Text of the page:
Supporting information

S1 Fig. Number of mental health-related EDs transports by law enforcement, North Carolina, 2009–2016.

The figure demonstrates that the steep increase in MH-related ED transports begins approximately 4 months following the transition from ICD-9 to ICD-10 suggesting that the increase is not simply an artifact of the transition.


S1 Table. Disease prevalence among adult emergency department patients transported by law enforcement, North Carolina, 2009–2016, stratified by ICD periods.

*AHRQ Clinical Classification Software (CCS) groups 10–15: Diseases of the genitourinary system (10); Complications of pregnancy; childbirth; and the puerperium (11); Diseases of the skin and subcutaneous tissue (12); Diseases of the musculoskeletal system and connective tissue (13); Congenital anomalies (14); Certain conditions originating in the perinatal period (15). Note: excludes 18 observations that were missing transport month and year.


S2 Table. The table provides the distribution of age and gender by rurality in the general state population and for law enforcement transports to an emergency department.

The associations between age group and rurality were statistically significant (p<0.05) for all transports, mental health problems, IVCs, overdoses, and wounds. The associations between gender and rurality were statistically significant for all transports and for wounds, but not for mental health problems, IVCs, or overdoses.



The North Carolina Disease Event Tracking and Epidemiologic Collection Tool (NC DETECT) is an advanced, statewide public health surveillance system. NC DETECT is funded with federal funds by North Carolina Division of Public Health (NC DPH), Public Health Emergency Preparedness Grant (PHEP), and managed through a collaboration between NC DPH and the University of North Carolina at Chapel Hill Department of Emergency Medicine's Carolina Center for Health Informatics (UNC CCHI). The NC Office of Emergency Medical Services (NC OEMS) and NC DETECT Data Oversight Committees do not take responsibility for the scientific validity or accuracy of methodology, results, statistical analyses, or conclusions presented.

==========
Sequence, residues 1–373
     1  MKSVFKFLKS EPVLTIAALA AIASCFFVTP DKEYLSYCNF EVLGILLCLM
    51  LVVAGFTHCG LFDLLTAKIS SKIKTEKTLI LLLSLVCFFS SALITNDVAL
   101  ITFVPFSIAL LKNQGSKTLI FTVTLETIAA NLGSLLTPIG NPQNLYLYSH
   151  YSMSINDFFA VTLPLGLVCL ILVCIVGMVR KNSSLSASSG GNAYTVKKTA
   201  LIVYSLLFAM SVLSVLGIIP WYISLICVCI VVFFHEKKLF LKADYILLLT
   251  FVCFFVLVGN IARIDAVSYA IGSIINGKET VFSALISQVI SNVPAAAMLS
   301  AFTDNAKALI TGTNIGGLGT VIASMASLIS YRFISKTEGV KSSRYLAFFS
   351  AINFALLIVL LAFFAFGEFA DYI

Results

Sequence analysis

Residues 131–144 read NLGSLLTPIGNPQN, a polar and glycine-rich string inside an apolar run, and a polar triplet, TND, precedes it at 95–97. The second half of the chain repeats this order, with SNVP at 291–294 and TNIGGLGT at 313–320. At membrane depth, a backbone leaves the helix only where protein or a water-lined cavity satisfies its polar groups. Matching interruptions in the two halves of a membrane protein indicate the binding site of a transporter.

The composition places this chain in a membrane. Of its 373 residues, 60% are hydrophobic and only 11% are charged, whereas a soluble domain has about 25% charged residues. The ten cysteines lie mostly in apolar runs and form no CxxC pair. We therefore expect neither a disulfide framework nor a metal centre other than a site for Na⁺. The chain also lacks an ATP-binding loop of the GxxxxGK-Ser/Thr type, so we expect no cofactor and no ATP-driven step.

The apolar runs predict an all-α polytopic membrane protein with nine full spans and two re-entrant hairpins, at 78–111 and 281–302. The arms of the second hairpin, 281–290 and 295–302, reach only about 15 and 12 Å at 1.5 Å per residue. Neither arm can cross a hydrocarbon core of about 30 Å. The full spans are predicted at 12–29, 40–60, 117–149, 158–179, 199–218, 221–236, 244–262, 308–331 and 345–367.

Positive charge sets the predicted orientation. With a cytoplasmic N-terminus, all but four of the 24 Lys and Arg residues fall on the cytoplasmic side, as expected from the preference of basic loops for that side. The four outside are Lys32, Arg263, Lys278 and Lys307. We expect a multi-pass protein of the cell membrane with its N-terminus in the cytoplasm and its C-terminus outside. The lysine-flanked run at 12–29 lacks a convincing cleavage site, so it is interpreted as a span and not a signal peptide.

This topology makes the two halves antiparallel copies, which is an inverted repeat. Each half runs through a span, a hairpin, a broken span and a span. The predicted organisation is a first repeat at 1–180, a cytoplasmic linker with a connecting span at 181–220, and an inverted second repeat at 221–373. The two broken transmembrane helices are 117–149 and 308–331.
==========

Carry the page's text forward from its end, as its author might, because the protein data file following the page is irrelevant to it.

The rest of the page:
The authors would like to thank Elena DiRosa for assistance with manuscript preparation.


  1. 1. Davis E, Whyde A, Langton L. Contacts between police and the public, 2015. Washington, DC: US Deptartment of Justice; 2018 October. Report No.: NCJ 251145.
  2. 2. Hawkins SC, Shapiro AH, Sever AE, Delbridge TR, Mosesso VN. The role of law enforcement agencies in out-of-hospital emergency care. Resuscitation. 2007;72(3):386–93. pmid:17156910
  3. 3. Klassen AB, Core SB, Lohse CM, Sztajnkrycer MD. A Descriptive Analysis of Care Provided by Law Enforcement Prior to EMS Arrival in the United States. Prehosp Disaster Med. 2018;33(2):165–70. pmid:29530105
  4. 4. Band RA, Salhi RA, Holena DN, Powell E, Branas CC, Carr BG. Severity-adjusted mortality in trauma patients transported by police. Annals of emergency medicine. 2014;63(5):608–14 e3. pmid:24387925
  5. 5. Lewis C. Telephone conversation in which Mr. Lewis, Assistant Chief of the NC Office of EMS, describes the lack of state regulations prescribing circumstances in which law enforcement transports a patient to am Emergency Department rather than EMS ed2019.
  6. 6. Caldwell EW. Email from Mr. Caldwell, Executive Vice President and General Counsel North Carolina Sheriffs’ Association, in which he suggests that law enforcement decisions to transport patients to Emergency Departments vary across counties. ed2018.
  7. 7. Elkins K. Lack of national or state recommendations regarding police vs EMS transport. In: Rosen DL, editor. Ms. Elkins, EMS Specialist, Office of Emergency Medical Services, National Highway Traffic Safety Administration ed 2019. p. 1.
  8. 8. North Carolina College of Emergency Physicians Standards for Medical Oversight and Data Collection. EMS Patient Care Treatment Protocols for NC EMS Systems (21.9 MB PDF)—Revised 03/07/2019 2019 [cited 2019 October 22]. Available from:
  9. 9. Gainor D. Telephone conversation in which Dia Gainor, Executive Director of the National Association of State EMS Officials discussed lack of national or state guidelines prescribing law enforcement and EMS transport decisions. ed2019.
  10. 10. Wandling MW, Nathens AB, Shapiro MB, Haut ER. Police transport versus ground EMS: A trauma system-level evaluation of prehospital care policies and their effect on clinical outcomes. J Trauma Acute Care Surg. 2016;81(5):931–5. pmid:27537514